Attinen’s third setting of the Cherubic Hymn shows one way in which composition in the Orthodox Church might have gone. It goes further down the road of tonal dissolution than probably any work of its time written for Orthodox liturgical use, recalling both Strauss and Wagner in both the way the harmony is stretched far beyond traditional tonality and in its broad gestures, almost symphonic in their implications. It is also exceptionally difficult, another reason why it is rarely performed, and certainly not in standard parish use.

The approach of Boris Jakubov (1894-1923) was less radical, but the few compositions of his that have survived nevertheless show a considerable imagination at work. He studied at the Helsinki Music Academy, and then worked as a music tutor in 1918 and 1919 at the Orthodox Seminary of Sortavala (now in Russian Karelia, but part of Finland from 1812-1940) before moving to Suistamo, where he worked as a freelance musician. His beautiful setting of the Ehtooveisu (the evening hymn “O joyful light”, sung at vespers) proves him to have been a composer who could summon up an unexpected richness from modest means.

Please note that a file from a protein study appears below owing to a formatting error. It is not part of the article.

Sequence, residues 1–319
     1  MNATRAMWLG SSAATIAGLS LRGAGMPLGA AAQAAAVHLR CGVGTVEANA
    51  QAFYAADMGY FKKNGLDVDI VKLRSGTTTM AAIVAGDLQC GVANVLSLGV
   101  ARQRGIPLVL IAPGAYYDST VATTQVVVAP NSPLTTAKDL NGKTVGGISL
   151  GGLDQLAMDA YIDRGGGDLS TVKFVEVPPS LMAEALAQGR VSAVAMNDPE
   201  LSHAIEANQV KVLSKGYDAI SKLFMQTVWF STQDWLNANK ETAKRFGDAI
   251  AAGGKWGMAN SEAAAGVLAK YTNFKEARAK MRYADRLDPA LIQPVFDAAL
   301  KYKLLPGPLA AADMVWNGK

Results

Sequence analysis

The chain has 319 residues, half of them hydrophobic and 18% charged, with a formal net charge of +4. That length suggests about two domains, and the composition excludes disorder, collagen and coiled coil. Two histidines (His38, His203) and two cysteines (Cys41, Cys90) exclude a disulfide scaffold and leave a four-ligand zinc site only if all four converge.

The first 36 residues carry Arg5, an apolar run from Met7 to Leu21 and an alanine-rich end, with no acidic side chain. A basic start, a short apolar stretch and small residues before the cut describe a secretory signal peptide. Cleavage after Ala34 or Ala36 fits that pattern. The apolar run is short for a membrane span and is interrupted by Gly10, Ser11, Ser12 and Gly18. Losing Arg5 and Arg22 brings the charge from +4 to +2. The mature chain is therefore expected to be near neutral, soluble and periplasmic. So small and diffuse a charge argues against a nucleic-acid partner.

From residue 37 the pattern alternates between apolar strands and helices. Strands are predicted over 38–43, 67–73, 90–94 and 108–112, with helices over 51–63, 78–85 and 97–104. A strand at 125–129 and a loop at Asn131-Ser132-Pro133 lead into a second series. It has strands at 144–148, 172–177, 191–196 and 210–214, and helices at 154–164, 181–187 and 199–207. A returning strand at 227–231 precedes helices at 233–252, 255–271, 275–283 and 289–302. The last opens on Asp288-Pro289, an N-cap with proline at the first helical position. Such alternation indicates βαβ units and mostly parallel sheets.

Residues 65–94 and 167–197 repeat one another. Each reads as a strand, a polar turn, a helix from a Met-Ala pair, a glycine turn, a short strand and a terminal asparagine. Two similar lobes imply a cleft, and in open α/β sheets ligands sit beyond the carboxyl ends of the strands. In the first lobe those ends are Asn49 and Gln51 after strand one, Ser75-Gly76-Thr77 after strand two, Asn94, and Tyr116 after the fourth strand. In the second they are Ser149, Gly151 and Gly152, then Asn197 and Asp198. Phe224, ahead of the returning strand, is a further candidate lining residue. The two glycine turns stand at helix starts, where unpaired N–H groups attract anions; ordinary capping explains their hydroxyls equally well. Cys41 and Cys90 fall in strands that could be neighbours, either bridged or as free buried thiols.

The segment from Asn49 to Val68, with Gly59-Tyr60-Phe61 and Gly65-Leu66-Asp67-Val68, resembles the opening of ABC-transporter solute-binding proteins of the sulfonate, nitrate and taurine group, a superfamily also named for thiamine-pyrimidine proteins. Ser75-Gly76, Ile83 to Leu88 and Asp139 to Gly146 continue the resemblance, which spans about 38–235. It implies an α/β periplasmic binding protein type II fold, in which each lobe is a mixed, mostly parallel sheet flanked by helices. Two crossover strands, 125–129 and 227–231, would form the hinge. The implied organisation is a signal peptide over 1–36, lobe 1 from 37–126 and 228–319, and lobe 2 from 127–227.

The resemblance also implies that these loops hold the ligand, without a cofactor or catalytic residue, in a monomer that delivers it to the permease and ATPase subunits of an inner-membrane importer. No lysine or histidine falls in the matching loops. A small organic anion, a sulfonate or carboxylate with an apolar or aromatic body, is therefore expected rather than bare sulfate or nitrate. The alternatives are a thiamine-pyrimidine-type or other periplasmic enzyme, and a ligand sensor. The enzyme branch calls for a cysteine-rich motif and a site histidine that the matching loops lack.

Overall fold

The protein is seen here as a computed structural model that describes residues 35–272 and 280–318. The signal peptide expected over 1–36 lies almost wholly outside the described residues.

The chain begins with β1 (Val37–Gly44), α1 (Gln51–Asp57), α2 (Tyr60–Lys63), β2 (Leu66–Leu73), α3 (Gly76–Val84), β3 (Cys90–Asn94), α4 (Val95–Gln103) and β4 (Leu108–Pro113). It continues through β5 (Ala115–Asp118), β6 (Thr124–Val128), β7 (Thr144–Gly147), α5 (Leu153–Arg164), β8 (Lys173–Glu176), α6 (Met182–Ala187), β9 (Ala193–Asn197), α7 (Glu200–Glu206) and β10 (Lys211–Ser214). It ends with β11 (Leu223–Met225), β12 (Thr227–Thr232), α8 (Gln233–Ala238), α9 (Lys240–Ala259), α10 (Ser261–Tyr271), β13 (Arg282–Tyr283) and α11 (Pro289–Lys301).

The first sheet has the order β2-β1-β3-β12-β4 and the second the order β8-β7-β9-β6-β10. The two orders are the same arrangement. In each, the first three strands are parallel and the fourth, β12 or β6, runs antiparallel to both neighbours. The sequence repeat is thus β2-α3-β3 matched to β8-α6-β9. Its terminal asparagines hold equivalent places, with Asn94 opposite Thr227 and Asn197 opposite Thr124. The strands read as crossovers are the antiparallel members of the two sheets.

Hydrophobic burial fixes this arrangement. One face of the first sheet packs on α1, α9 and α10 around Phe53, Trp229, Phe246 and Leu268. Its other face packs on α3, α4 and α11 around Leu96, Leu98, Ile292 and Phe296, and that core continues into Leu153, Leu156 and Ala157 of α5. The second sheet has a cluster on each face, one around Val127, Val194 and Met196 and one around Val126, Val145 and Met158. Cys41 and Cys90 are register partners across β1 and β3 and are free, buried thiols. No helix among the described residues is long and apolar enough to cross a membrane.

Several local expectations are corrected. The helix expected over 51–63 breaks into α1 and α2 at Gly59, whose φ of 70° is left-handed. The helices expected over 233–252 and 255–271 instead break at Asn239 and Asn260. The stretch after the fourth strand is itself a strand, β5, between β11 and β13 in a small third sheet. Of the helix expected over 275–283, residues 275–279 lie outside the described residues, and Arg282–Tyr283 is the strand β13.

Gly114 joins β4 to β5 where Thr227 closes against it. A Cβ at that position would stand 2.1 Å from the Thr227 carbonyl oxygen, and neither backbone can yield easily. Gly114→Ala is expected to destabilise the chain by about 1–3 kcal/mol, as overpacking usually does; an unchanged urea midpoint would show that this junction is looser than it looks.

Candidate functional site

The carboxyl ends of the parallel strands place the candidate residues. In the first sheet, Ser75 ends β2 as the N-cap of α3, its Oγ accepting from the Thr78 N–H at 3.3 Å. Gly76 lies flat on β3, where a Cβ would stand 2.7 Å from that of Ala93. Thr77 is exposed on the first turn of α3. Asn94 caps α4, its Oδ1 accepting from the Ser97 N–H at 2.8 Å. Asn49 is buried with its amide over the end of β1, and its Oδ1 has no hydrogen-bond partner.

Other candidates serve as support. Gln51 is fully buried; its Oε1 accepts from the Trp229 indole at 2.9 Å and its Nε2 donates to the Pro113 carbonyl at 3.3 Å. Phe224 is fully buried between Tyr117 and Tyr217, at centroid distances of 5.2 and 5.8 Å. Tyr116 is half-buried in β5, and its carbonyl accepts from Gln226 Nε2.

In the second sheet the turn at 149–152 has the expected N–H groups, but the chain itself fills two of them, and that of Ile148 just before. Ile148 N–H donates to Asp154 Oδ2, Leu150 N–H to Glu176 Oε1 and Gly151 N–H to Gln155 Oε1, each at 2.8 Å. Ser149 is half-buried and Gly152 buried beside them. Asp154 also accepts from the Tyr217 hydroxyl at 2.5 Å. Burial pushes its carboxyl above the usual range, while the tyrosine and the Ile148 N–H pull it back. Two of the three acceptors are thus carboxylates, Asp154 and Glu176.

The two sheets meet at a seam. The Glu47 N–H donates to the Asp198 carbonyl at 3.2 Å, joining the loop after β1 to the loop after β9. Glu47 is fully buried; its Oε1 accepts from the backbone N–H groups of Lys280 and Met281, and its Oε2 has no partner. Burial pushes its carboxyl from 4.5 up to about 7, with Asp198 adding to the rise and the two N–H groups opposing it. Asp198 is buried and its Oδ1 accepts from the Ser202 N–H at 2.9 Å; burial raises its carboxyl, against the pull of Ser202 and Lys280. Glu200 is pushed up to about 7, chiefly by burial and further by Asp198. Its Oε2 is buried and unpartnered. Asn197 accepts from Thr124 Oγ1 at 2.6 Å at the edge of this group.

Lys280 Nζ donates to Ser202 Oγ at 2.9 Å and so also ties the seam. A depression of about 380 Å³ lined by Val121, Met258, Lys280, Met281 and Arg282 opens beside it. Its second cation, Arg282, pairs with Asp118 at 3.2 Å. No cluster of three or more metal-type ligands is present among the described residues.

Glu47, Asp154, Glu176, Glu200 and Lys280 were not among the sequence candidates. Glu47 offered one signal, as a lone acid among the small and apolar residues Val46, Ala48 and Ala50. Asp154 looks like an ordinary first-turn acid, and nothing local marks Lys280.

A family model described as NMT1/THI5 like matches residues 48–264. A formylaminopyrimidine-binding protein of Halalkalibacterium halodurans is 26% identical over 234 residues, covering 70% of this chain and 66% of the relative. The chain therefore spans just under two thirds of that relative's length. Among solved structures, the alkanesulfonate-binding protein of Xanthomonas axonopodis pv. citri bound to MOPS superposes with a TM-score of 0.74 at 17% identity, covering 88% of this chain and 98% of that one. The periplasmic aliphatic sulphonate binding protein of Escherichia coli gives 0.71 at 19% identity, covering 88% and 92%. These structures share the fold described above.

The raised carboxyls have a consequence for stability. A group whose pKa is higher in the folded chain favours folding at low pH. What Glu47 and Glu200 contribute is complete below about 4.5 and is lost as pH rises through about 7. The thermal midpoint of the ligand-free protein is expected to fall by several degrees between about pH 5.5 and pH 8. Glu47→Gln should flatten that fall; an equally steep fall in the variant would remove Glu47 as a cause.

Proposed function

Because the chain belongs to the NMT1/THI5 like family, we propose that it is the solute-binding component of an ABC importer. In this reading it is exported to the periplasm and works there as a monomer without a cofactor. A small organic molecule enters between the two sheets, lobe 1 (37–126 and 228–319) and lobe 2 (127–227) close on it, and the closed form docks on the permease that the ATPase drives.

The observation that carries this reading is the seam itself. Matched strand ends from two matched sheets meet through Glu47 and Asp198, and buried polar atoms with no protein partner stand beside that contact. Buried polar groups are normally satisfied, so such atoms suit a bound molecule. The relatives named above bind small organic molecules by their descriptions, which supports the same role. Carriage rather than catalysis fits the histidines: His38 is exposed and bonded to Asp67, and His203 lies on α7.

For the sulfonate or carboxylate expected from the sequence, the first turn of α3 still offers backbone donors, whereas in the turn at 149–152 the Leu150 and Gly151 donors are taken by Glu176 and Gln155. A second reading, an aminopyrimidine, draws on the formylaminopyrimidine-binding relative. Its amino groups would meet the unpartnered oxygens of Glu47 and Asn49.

Leonid Bashmakov, the “elder statesman” of Finnish Orthodox music today, was born in 1927 in Terijoki, in present-day Russian Karelia, moving with his family to Helsinki after the War. He studied piano, conducting, and composition at the Sibelius Academy in Helsinki, and subsequently worked both as teacher in Tampere (where he was rector of the Conservatoire for a long period) and a conductor of theatre orchestras. He is widely known outside the sphere of choral music, and his output includes seven symphonies, multiple concertos, a great deal of chamber music, and a Requiem for soloists, choir and orchestra on texts from the Latin requiem mass and by the Finnish poet Lassi Nummi, completed in 1988.

Bashmakov has written a large amount of church music, most of it dating from the 1980s onwards, though the earliest examples date from thirty years before that, and they include a complete setting of the Divine Liturgy. The two short works included in this concert, the Ikos and Exaposteilarion for Pascha, display his highly distinctive melodic approach (he tends to write original melodies, closely following the accentuation of the text, but they are usually imbued with a chant-like ambience) and his love of vibrant, richly-scored harmony.